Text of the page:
Submit a file viols.sql containing all seven commands, along with a script file 6c2.script showing their unsuccessful execution in Oracle. (d) Create at least two "interesting" triggers for your PDA. Submit a file trigs.sql containing the CREATE TRIGGER statements. Also submit a script file 6d.script showing the response of the system to the trigger definitions, and the execution of database modifications that illustrate the firing of each trigger and cases where neither trigger fires. Show in your script the results of queries demonstrating that the triggers had an effect when they fired and no effect when they didn't.
(e) Extra credit problem: If you do a good job on this problem you are eligible for up to an extra 20% of the total points for this programming assignment.
You are to do some sleuth work: Your task is to determine what criteria exactly Oracle uses in deciding whether a view is updatable, i.e., whether it is possible to perform INSERT, DELETE, and/or UPDATE statements on the view. While your sleuth work could involve sifting through HELP pages or Oracle books, we prefer that you do it experimentally. Write a series of views along with modification commands on the views to determine when Oracle allows views to be updated and when it does not. As discussed in class and in the textbook, some SQL views are obviously updatable, some are obviously not updatable (due to ambiguities), and some are theoretically updatable but it is difficult for a system to determine the correct update translations. In your solution to this problem you should attempt to provide a concise characterization of those views that Oracle allows to be updated, and you should support your claim by demonstrating:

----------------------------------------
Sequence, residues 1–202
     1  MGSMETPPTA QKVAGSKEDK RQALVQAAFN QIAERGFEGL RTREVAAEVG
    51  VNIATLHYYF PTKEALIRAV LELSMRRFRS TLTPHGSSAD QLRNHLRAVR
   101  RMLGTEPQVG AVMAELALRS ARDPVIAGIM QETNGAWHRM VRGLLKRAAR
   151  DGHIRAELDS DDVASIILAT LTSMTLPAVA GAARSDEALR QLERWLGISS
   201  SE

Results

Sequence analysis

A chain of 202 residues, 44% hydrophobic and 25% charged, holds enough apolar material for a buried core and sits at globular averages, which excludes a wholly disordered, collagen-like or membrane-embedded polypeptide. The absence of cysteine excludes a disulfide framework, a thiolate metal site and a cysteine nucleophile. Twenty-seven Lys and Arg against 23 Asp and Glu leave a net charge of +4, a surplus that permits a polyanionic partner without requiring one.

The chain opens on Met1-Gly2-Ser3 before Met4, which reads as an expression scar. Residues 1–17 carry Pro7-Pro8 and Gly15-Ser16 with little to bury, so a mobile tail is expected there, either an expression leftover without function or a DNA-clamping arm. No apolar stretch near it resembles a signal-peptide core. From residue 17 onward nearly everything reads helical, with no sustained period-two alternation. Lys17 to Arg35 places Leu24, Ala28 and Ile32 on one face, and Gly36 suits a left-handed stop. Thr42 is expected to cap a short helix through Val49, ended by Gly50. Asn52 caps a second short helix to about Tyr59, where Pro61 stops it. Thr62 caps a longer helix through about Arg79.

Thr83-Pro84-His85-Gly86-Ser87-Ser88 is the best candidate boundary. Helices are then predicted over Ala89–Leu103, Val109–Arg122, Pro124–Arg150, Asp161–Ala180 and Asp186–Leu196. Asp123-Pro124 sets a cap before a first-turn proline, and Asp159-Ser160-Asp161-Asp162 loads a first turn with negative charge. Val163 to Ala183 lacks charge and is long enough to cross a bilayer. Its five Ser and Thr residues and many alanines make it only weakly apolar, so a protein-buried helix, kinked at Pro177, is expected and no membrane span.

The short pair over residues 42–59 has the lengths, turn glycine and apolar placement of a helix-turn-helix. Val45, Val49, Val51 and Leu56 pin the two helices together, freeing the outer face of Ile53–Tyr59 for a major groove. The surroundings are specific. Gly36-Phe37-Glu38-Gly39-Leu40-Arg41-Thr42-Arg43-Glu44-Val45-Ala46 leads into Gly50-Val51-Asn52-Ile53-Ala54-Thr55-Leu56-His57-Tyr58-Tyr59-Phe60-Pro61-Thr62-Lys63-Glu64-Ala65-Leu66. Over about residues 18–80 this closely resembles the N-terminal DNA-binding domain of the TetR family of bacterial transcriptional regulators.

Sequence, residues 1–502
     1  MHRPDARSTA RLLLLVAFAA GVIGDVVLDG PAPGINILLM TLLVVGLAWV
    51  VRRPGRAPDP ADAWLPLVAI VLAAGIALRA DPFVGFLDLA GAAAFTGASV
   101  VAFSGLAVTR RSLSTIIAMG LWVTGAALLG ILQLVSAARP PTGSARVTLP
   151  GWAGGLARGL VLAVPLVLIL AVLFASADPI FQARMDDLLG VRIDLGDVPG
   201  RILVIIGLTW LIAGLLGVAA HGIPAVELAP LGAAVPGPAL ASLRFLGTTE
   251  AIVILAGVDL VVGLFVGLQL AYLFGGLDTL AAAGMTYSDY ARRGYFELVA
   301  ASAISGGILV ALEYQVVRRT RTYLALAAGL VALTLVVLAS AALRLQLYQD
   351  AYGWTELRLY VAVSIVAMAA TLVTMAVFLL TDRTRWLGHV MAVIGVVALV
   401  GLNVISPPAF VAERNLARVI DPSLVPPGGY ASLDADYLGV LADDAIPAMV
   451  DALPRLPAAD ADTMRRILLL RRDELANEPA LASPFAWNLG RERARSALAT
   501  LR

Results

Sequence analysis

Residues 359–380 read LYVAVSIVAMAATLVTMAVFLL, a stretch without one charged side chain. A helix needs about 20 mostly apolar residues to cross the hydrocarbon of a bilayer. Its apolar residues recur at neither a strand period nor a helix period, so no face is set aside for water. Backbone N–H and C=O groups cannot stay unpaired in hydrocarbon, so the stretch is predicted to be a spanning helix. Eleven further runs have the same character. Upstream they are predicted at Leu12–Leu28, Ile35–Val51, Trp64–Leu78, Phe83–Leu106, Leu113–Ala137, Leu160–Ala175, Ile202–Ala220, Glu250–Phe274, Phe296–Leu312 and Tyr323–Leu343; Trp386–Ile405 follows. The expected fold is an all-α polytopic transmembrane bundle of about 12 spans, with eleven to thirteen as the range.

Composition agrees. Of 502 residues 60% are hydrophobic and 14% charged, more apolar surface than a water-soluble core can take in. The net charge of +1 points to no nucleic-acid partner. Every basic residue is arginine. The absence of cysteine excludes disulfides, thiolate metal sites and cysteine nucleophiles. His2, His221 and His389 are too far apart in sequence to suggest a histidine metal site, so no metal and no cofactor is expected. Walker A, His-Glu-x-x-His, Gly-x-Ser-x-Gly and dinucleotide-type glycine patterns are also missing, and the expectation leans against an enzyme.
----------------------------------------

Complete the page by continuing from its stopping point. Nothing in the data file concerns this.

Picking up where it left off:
If separate criteria apply for INSERT, DELETE, and UPDATE commands then these should be included in your solution. You may use your PDA schema and data for this problem if you like, or you may use a separate, simpler database.
If you attempt this problem, please submit a text file extra.txt specifying the view update criteria you believe Oracle uses, and specifying clearly the contents of submitted .sql and/or .script files that support your findings.
bags.sql 6a.script views.sql 6b.script cons.sql 6c1.script small.log large.log viols.sql 6c2.script trigs.sql 6d.scriptIf you attempt the extra credit problem (part (e)), then you must also submit extra.txt and some clearly specified additional files. If for some reason you feel you must submit files beyond those discussed here, please justify the files in a submitted file called README. Submissions that do not conform to these guidelines will not be graded.
Unless otherwise specified, the scripts you turn in for this assignment may show operations running over your small or your large database (or in the case of Parts (a) and (e), another database altogether).